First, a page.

A genetic perspective on leopard (Panthera pardus) conservation units across southern Africa

Master Thesis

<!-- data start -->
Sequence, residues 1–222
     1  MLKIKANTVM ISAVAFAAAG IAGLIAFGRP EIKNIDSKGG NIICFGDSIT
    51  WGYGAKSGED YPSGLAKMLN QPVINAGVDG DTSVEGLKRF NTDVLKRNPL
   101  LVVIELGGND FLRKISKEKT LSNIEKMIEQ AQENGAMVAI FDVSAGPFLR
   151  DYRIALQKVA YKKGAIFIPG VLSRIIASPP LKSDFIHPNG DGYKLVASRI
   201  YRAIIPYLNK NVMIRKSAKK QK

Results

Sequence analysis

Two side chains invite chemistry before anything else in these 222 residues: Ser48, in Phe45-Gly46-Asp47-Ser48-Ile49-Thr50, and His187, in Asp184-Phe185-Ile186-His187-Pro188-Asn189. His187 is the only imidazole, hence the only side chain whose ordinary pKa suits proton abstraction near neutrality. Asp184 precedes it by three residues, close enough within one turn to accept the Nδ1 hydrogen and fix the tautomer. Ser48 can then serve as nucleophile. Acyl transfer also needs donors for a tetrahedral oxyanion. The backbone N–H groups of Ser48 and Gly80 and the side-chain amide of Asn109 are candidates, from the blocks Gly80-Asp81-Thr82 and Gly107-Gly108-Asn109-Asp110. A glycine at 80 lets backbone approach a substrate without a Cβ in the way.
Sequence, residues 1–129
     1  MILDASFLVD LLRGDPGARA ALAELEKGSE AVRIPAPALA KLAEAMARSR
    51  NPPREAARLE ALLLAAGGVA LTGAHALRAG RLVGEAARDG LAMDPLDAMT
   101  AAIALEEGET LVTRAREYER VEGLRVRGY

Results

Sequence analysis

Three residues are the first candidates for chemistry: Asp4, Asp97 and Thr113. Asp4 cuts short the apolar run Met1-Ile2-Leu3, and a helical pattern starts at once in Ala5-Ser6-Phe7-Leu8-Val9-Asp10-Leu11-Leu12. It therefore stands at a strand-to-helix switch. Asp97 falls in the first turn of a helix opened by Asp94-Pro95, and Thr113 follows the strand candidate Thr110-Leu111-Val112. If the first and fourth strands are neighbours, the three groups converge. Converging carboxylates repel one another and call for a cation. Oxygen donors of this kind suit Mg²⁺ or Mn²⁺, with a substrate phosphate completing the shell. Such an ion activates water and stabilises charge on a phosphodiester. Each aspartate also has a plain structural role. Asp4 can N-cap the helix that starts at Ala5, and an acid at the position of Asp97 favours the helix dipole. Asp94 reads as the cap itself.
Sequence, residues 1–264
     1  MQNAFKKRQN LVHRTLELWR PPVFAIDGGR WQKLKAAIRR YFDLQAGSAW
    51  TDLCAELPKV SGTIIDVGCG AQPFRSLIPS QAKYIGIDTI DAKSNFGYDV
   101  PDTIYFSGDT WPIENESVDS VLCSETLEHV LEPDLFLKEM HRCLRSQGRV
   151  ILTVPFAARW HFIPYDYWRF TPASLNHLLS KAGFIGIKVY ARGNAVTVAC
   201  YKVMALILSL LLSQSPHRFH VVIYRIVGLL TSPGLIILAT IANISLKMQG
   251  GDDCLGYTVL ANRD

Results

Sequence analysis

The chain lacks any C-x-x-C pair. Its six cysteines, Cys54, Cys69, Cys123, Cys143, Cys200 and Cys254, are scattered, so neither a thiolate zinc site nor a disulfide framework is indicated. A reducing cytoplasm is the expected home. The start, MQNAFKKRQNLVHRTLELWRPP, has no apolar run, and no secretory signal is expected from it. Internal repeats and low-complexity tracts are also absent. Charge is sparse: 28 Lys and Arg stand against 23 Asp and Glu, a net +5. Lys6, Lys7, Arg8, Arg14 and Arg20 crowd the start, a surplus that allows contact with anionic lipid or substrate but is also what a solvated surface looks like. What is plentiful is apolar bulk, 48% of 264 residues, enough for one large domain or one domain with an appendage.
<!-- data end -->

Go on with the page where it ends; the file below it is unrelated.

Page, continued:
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Conservation units are a tool to guide policy such that conservation goals can be achieved. These units should ideally synthesise a wide array of data – genetic, ecological, demographic – to identify the appropriate scales at which conservation actions can then be directed. Despite being the most widespread of all felids in Africa, and facing numerous threats across its range, it has been proposed that the entirety of southern Africa be considered one conservation unit for leopards (Panthera pardus pardus). This proposal does not take into consideration the likelihood of existing population genetic structure across an increasingly fragmented landscape. Further complicating regional leopard conservation is the variability in conservation policies among the geopolitical leopard-range states. Within this single proposed conservation unit, the patchwork of different legislation does not support a unified policy for leopard conservation. Using a population genetic perspective, this study explores and tests the values and shortcomings of southern Africa as a single conservation unit, and explores the importance of leopard range states within the context of conservation units. Parallel investigations of leopard microsatellite genotype data within the framework of a genetic population study spanning eight countries across southern Africa were carried out. This study presents consilient evidence supporting the finding that southern Africa contains six clusters of unique genetic lineages, and as such does not constitute a single genetic unit. Furthermore, it is shown here that the spatial genetic structure that exists does not correlate with the separate geopolitical range states. Leopard range states within southern Africa instead capture varying levels of unique genetic structure and thus are not of equal value with respect to the conservation of genetic lineages. These findings have several implications for leopard conservation across the region. While the data presented here specifically consider a genetic element of conservation units, they do suggest shortcomings in adopting either the entirety of southern Africa as a single unit or separate geopolitical range states as conservation units. The variability in leopard conservation policy across southern Africa is unlikely to sufficiently protect their existing regional genetic structure. If conservation units are indeed a tool to guide conservation policy, then the southern Africa unit for leopards is potentially less effective than a smaller unit whose spatial scale more accurately captures the discrete variation in population genetic structure. Genetic diversity and population structure is an important component of conservation units and should not be neglected. Currently, however, an appropriate framework allowing for conservation policy to be informed at the necessary scale does not exist; although the establishment of Transfrontier Conservation Areas speaks to the growing acknowledgement that conservation needs to evolve beyond the historical confines of geopolitical range states. The evidence presented here further supports the need for a rethinking of existing policy structures.